Here’s the easy, no-fuss way to invest in gilts. Oh, and in case you were wondering what exactly they are, we’ve explained that as well. Read on and get step-by-step instructions.
Gilts are government bonds – they’re loans to the government. Just as you or I might go to a bank to raise a loan for a car or a mortgage for a house, the government comes to us, en masse, to raise some cash to spend on sensible things like trips to Brussels, bailing out bankrupt banks and buying nuclear warheads. They are similar to corporate bonds except they are raised by entire governments rather than companies.
In return for this very kind loan from you, the government promises to pay you interest for every year you loan them this money.
As with so much in the world of investing, the whole ‘risk and reward’ principle very much applies to bonds – including government bonds (gilts). If you’ve ever tried to borrow money from banks you’ll have noticed that lenders will first try and calculate whether you’re good for the loan or a bit of a dodgy customer.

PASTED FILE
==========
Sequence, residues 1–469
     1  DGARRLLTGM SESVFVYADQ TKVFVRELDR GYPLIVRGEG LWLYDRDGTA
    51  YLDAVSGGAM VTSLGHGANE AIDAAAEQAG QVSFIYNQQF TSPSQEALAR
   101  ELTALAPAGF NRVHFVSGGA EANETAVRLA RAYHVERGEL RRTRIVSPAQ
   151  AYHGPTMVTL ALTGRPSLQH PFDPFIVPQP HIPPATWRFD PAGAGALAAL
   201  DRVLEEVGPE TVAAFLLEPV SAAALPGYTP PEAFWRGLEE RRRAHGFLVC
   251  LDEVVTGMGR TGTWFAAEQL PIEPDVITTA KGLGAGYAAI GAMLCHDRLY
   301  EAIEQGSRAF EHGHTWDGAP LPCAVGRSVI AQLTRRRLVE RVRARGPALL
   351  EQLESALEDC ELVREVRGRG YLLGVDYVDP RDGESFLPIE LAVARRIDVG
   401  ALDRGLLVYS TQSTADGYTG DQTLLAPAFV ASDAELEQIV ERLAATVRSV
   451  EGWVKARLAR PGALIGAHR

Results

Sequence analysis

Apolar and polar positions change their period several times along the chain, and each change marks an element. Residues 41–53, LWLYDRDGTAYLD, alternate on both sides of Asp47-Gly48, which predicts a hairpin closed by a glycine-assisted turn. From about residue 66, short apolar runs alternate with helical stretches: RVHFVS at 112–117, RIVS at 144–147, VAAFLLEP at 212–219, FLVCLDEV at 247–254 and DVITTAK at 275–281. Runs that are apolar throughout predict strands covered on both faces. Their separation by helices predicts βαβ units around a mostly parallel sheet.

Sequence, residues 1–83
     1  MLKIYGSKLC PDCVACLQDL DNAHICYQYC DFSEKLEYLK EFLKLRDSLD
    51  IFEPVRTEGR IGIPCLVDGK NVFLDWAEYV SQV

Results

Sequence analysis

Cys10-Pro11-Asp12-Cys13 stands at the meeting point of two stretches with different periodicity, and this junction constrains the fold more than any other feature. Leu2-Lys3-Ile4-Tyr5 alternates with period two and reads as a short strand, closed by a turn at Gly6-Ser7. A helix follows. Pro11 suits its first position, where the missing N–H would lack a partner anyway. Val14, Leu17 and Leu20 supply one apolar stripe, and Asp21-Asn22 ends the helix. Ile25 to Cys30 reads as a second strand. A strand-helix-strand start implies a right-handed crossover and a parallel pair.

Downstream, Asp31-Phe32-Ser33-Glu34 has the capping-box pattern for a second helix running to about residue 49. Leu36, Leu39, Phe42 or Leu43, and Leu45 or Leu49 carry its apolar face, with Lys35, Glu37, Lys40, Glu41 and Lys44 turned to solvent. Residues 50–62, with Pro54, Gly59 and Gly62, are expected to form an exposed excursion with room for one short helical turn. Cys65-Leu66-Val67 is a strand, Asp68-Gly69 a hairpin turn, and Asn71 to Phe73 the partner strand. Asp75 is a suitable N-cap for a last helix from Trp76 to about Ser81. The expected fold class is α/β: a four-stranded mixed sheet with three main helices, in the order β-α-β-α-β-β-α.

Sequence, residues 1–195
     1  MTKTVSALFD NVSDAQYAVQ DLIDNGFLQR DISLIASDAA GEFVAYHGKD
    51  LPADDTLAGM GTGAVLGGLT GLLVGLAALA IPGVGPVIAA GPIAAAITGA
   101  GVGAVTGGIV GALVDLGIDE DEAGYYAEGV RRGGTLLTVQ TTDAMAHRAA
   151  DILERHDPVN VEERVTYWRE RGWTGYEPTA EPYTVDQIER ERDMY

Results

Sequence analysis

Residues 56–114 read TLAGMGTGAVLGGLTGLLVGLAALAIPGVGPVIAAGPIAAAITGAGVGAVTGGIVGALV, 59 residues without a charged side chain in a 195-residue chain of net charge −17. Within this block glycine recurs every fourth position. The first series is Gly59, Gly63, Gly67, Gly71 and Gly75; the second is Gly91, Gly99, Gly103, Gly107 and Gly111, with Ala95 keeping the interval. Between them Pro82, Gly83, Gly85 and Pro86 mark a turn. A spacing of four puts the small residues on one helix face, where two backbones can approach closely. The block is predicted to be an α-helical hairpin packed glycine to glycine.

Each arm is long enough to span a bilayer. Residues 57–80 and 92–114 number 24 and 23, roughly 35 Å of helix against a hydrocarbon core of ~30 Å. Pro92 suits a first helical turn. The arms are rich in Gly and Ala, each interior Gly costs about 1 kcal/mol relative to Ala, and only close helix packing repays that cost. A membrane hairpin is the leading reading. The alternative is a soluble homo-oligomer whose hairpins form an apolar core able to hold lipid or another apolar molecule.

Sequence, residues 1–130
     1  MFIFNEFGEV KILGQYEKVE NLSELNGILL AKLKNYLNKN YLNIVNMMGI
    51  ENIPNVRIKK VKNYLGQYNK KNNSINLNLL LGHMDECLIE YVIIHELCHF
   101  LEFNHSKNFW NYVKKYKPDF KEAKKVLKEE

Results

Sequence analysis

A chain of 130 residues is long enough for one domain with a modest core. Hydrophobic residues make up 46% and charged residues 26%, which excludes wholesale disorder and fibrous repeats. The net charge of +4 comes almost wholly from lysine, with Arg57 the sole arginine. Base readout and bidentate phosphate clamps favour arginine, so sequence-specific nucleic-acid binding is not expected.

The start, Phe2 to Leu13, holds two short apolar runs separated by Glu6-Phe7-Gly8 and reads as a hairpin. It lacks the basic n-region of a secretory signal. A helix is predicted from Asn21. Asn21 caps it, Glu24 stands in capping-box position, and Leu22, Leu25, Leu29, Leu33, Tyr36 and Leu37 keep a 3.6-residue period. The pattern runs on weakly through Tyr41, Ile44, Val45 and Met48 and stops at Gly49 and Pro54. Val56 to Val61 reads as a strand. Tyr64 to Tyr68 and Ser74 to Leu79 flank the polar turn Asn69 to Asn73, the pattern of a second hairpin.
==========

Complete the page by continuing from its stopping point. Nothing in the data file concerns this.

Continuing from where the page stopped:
They’ll do a credit check on you first. If they think they have a good chance of getting their money back from you they’ll offer you a nice low interest rate. However, if they think you could potentially default they’ll cover themselves by insisting on a high interest rate so they can rake in a hefty wedge of cash early on before you do the dirty on them.
It’s the same in reverse when you invest in bonds. You’re the one lending to them so you want to know how good the governments or companies you lend to are for the loan. Some (particularly certain companies) could be very risky so they offer a quite high rate of return. Although you could potentially lose it all, of course.
Others, like nice, safe European governments such as our own, are pretty solid (I know they don’t seem it but check out many other governments in the world), so they only offer a low interest rate. However, you can be pretty safe in the knowledge that you’ll get your cash.
Who should buy gilts?
Gilts are good for those who are looking for a very safe, fixed income. They’re also helpful if you are looking for something stable to add to a more adventurous set of investments.
Gilts are useful and sensible for people who have retired and want a fixed income. They’re also an option for those who already have a lot of other sexier investments and would like something solid to underpin their portfolio.
But for young investors, unless you’re the sort who likes to wear two pairs of pants ‘just in case’, you should look on them as something to know about for later.
Still interested? Read on!
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When you buy a gilt you’re effectively lending money to the government and it promises to pay you a certain amount in interest each year for that loan. The interest is usually fairly low and can look very low relative to the rates you could get on savings bonds.